Vrindavan, which today is a town of around 63,000 people, is a place in peril. It continues to attract ever more people from around India and around the world, with some estimates putting the annual number of visitors at over 32 million!
However, most of these visitors leave their waste behind them. Large feasts are taken on thermacore (Styrofoam) plates that are left behind in large non-biodegradable heaps. Municipal waste management and NGOs that support them cannot keep up with the garbage coming into the city.
Due to destruction of forest lands of Vrindavan and the surrounding forests of Braj, monkey populations have been forced into the city, where they spread disease and injure and otherwise harass people. Vrindavan, which itself was a vast forest, only has two small vans – or forests – left. Nidhivan and Seva Kunj. Seva Kunj is almost completely encased in metal fencing to avoid its destruction by the displaced monkeys.
The Yamuna river, considered by devotees a Goddess who grants closeness to Krishna, is extremely polluted in Vrindavan. Upstream dams and farm and industrial pollution have placed the river in a horrible state before it even reaches Vrindavan, where untreated sewage still goes into the river. Squatters build on the Yamuna floodplain necessary for the maintenance of underground water tables and even government agencies are building illegally without considering their environmental impact. Meanwhile, Vrindavan’s medieval town remains a place of open sewers where people are extremely vulnerable to water-borne diseases such as diarrhea, malaria, dengue, chikungunya, etc.
Fortunately many efforts are beeing made to Save Yamuna river.
Vrindavan remains a place filled with religious and cultural beauty, but it is steadily being degraded by numerous destructive forces of greed and consumerism. Nowadays, it is the devotees only who see the beauty of this place, with casual visitors seeing only the garbage, the crowded traffic and the beggars.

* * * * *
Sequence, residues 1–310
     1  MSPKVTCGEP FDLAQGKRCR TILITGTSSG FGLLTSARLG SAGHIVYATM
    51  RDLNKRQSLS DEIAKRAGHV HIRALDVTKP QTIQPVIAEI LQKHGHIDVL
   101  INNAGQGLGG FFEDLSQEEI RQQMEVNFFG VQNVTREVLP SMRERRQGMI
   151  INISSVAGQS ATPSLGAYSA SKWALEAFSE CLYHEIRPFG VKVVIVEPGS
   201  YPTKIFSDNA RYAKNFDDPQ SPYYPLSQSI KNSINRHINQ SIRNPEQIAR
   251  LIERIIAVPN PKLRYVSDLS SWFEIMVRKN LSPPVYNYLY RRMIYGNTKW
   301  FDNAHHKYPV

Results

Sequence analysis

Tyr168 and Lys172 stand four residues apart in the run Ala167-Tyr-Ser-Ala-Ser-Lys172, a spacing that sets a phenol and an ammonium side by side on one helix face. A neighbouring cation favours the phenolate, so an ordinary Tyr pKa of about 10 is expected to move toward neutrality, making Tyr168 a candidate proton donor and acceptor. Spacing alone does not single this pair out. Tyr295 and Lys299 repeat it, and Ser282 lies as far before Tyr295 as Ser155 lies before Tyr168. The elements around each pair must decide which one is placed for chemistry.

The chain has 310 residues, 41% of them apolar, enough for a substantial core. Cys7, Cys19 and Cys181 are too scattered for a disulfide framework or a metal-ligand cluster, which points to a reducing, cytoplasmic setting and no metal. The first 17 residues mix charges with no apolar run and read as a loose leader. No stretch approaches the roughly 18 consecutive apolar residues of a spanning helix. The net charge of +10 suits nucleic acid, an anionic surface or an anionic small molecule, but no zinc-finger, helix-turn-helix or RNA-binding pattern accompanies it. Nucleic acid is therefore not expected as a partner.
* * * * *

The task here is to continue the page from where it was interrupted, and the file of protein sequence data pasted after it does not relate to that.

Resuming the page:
Vrindavan’s future remains uncertain. There are several different religious societies and NGOs trying to counter the problems Vrindavan is currently facing. Local individuals have brought court cases against destructive government constructions. Others have built beautiful sanctuaries hidden in some small place or just outside of town. Government leaders have been thinking about how to use tourism as a means of bringing more economic growth to the area and have come up with different ideas for improving Vrindavan’s infrastructure and capacity to handle the traffic and waste for its giant influx of visitors.
However, more needs to be done if Vrindavan is to retain its culture for which it is known all over the world and if the people who live there can live with access to clean water and without fear of disease. Everyone should join in the effort in whatever way he or she can to save Vrindavan from the forces that are currently destroying it. This way, the beauty of Vrindavan, offering its visions of the enduring presence of Lord Krishna, will continue not only in isolated temples and caged-in gardens, but across all of Braj for the benefit and enjoyment of generations to come.